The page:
Darts league aims at kids

Royal Canadian Legion
200 Broad Street, Parkhill
Youth dart league
Ron Wilcox: (519) 294-6344

Story & photos by Casey Lessard

Competitive darts isn’t at the top of the list of things to do for most young people, but area Legions are hoping to change that. The Parkhill branch of the Royal Canadian Legion is hosting one of Canada’s top dart players, two-time world champion John Part, who will spend Friday with local kids and dart lovers. (The event is sold out.)
“He’s a great ambassador,” says Ron Wilcox, who coaches the youth dart league with Kathy Bullock. “He’s the only non-European to win the world championship twice. He works with youth leagues around the world. This is the only time he does it in Canada. Without the youth players ten years from now darts will be gone. We’ve got 200 teenagers in this area and we have five players. We want to get more kids in here.”
“The first time I played darts was at a dart exhibition with John Part,” says Wilcox’s nine-year-old son Steven, a member of the youth league. “I was a little nervous. I almost beat him in the third game on double-4.”
Now hooked, Steven says he will likely play darts the rest of his life.
Sara Carter, 15, agrees.
“This is something I’ll do forever,” she says. “When I get up in the older group I’m going to play with my dad.”
The family connection is how many of the young players get involved. Eleven-year-old Dakota Duval’s parents encouraged her to join the league after playing darts on their board at home.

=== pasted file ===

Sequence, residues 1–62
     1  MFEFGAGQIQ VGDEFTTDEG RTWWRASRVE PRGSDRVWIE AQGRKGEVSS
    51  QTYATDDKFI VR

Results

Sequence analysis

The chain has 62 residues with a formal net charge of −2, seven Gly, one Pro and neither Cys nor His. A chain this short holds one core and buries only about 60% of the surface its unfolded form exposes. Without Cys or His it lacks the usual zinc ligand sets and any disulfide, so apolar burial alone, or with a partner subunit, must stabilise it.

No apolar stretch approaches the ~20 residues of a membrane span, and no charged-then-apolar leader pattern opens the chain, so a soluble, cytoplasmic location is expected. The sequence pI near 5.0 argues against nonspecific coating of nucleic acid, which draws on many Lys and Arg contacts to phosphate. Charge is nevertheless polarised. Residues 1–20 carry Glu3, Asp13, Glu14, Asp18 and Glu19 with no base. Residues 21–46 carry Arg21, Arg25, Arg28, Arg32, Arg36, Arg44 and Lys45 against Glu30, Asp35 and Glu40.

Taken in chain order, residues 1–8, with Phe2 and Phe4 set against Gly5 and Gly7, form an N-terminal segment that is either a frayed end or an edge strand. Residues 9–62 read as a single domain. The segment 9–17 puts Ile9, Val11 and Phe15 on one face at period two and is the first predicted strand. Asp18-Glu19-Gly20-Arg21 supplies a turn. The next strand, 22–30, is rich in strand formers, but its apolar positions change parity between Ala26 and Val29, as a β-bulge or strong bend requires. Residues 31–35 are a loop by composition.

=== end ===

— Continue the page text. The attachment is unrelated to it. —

“I tried it and I really liked it,” she says. “It’s been fun because we’ve been going places and playing against other teams. It feels really good if you win. It gets you more motivated to play the next game. I win sometimes.”
The squad almost won the provincial qualifier for the premier Darts Ontario league last year, placing second to the only team that advanced to the provincial championships.
“I like the experience,” Carter says. “You go to tournaments and you learn more. You’re self-conscious. There’s a lot of noise at tournaments so you have to be aware and be able to block that out while playing. When you go up and you’re playing there are lots of people who like to watch you. You have to be confident and focused otherwise you might not shoot what you want.”
“It gets them off the streets, gets them interested,” Ron Wilcox says. “Their math skills are great. It gives them confidence. Gives them different opportunities to travel and meet other people.”
All of the young players agree the hardest shot is the pressure cooker of doubling in or out.
“It’s a planning thing,” Carter says.
“It’s really frustrating,” adds Duval. “When we were in Ontario Darts my teammate and I kept trying to hit double and I’m the one that could hardly ever shoot double one, so luckily she got it.”
The league’s roster of five players is expected to grow to about 20 as the small Grand Bend and Parkhill leagues merge when the next season begins in the fall.
“If we got more kids involved we could do it two or three nights,” says Ron Wilcox. “As long as kids are interested we’ll keep going.”